Fifty years ago the Internet was an idea in science fiction — an obscure idea the prophetic nature of which people did not recognize or fully appreciate. Will F. Jenkins (better known as Murray Leinster) wrote a story called “A Logic Named Joe”.
Commentators have compared Logics to personal computers, and “Joe” is a logic that becomes self-aware. Realizing its potential to help people, Joe sort of awakens the world-wide network in ways people didn’t expect. You can read a summary of the story here (there may be advertising for mature content on the site).
One interesting aspect of the story is that it sort of predicts contextual and interactive advertising, along with everything else. It’s the interactive functionality that grabbed my attention. People were able to ask their computers to provide solutions to their problems and solutions presented themselves.
Wouldn’t it be nice if that happened in real life on the World Wide Web?
The technology is actually in development by several companies, one of which I work for (Visible Technologies). One of the services VT offers is TruCast, a Listening Platform recognized by Forrester Wave as a strong performer in the field (ranked third overall in their evaluation).
Listening platforms are services that enable companies to locate and digest blog and forum comments. Each company approaches the task a little differently, but the TruCast solution is geared toward identifying people (particularly “influencers”) and topics. Companies use TruCast and competitive products to monitor consumer sentiment, generally with the intention of opening new channels of communication with unhappy consumers (and perhaps happy consumers).
Wouldn’t it be great if you could turn a bad customer service experience around by grousing on a blog or forum and suddenly someone contacted you directly, offering to help resolve your issue? It’s actually happened to me (without the use of Listening Platform sofware), although my situation was never resolved.
I do know some companies have used listening platforms to improve their public images — not by being sneaky, but by working with consumers to resolve the issues the consumers are unhappy about. It’s almost like Joe is working hard for our benefit.
Of course, Joe is really several teams of programmers, several corporate communications departments, groups of people working together to build more effective communication between consumers and vendors. There may be some rough spots left to smooth out but the technology is impressive, even when you are close to the creative process that moves the technology forward.
Science fiction has taught us to develop many powerful and ubiquitous tools. Modern hospitals use vital signs monitoring equipment that designers attribute to their fondness for Star Trek. We use cell phones almost exactly the way Star Trek characters used personal communicators (many years ago I even programmed my first cell phone to dial home whenever I said “Kirk to Enterprise” to it).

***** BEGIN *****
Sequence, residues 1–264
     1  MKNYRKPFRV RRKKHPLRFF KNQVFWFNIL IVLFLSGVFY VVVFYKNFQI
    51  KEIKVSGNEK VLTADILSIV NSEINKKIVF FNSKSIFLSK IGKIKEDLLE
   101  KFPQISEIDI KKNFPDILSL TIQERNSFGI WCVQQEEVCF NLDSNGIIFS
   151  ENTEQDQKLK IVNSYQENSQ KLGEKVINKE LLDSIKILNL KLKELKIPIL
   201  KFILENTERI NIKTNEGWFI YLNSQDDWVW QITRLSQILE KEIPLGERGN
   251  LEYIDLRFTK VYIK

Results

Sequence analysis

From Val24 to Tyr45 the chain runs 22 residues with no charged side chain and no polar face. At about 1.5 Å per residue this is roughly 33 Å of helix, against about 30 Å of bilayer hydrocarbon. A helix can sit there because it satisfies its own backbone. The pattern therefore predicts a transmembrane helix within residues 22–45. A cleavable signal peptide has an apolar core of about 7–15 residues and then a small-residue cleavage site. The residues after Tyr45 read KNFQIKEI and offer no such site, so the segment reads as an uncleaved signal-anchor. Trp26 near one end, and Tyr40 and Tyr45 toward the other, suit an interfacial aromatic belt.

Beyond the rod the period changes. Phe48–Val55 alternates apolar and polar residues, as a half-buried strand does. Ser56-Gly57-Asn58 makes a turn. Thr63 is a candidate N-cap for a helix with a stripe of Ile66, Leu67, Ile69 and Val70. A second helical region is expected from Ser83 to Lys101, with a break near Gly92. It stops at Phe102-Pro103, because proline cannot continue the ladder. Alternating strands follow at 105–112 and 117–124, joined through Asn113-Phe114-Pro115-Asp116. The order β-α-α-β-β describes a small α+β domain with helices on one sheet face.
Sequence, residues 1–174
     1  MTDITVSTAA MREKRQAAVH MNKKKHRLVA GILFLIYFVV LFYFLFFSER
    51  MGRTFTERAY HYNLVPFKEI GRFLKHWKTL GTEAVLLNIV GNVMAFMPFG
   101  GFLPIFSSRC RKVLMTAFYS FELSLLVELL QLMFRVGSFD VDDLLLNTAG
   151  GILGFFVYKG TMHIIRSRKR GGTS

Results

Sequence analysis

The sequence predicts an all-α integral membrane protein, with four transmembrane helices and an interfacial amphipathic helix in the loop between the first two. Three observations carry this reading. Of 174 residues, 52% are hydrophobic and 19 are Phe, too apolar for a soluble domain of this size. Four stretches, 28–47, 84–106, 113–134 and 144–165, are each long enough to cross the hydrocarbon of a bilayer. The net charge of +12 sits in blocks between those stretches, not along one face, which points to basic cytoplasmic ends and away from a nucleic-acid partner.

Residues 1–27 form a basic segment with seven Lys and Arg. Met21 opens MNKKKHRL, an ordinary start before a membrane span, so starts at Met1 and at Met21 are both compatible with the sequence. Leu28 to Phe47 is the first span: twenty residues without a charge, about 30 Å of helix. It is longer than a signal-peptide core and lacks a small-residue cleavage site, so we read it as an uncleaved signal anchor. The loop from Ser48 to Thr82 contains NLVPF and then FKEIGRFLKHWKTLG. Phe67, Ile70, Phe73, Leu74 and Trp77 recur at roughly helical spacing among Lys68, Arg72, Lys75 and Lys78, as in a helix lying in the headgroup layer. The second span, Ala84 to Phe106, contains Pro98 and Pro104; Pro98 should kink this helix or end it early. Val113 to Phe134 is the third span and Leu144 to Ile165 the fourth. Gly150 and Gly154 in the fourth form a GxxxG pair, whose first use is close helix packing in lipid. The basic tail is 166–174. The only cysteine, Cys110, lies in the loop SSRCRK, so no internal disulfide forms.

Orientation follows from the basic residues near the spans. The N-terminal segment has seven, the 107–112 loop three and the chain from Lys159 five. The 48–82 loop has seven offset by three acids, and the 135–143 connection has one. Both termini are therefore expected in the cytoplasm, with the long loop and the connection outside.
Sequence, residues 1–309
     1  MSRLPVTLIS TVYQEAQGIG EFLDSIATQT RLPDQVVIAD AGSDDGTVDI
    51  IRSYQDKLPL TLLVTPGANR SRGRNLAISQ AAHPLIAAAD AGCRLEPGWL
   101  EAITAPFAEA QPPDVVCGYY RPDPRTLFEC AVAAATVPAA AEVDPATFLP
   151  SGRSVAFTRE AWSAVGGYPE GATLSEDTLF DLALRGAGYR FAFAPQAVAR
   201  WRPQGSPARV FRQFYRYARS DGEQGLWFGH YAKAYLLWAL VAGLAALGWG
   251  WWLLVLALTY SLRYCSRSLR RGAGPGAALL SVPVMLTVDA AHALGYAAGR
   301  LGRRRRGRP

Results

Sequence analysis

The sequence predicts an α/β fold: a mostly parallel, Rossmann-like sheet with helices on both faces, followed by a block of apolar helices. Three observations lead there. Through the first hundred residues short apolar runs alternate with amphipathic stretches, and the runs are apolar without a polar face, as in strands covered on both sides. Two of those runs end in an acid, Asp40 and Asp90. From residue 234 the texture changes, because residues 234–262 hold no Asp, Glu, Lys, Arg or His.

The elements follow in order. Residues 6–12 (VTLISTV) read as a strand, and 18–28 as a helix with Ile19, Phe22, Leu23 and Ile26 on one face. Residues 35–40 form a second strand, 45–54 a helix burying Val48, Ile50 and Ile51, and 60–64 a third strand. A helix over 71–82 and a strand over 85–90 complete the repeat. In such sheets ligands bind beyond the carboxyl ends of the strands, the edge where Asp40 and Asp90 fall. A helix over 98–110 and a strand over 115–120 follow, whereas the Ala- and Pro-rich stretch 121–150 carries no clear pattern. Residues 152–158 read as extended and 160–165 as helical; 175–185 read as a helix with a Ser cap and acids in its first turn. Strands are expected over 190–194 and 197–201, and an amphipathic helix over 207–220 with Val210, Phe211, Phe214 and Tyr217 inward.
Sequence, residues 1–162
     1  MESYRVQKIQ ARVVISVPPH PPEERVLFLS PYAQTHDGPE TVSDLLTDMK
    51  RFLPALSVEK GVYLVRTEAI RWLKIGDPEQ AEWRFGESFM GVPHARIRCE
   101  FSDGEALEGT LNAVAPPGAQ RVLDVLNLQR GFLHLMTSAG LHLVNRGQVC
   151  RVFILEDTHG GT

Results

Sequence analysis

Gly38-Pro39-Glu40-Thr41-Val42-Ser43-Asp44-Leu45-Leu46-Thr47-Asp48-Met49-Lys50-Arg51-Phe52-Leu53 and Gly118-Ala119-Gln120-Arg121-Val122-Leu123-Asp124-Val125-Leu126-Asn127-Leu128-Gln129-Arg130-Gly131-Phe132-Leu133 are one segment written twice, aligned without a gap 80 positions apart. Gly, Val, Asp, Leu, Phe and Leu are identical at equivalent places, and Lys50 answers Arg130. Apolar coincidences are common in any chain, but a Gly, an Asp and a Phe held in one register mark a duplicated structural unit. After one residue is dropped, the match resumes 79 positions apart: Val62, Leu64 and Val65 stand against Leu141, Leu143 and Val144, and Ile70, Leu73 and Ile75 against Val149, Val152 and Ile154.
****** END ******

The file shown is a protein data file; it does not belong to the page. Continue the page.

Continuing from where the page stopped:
Arthur C. Clarke proposed satellites. Jules Verne proposed long undersea voyages on submarines, genetic manipulation of animal species, and trips to the moon. Edgar Rice Burroughs proposed the idea of atmosphere manufacturing factories for his Mars.
We may not have achieved everything that science fiction has proposed but today’s technologies owe a great deal to the flights of fancy that early science fiction writers published. Maybe they envisioned very different means of achieving the same effects. We cannot blame them for failing to see the integrated circuit revolution, Moore’s Law, and Internet flame wars.
But they bequeathed to us an unyielding desire to improve our lives and to keep moving into the future. That review of “A Logic Named Joe” was written in 2002. The writer noted that we still could not use the Internet as a telephone and television. Well, in 2002 a few people had that ability but now millions do.
I use Skype to call Hawke Robinson when we record episodes for Middle-earth Talk Radio episodes. And, of course, people are now watching movies and television shows (even legally) on their computers.
Ask most people when the Internet began and they’ll probably say sometime in the 1980s, or maybe late 1969 when ARPANET began operations with two computers connecting to each other. But the Internet really began when Jules Verne imagined a world using a telegraphic communications network.
Today’s listening platforms may not have been exactly predicted in science fiction, but there are quite a few comparable ideas. We are living in the future. We are living in the world of science fiction. And maybe someone is out there listening, looking for a new way to engage in discussion with everyone.
Hey, maybe one day we’ll all be able to listen to the whole Internet. Does that sound so much like science fiction? Let it inspire you.
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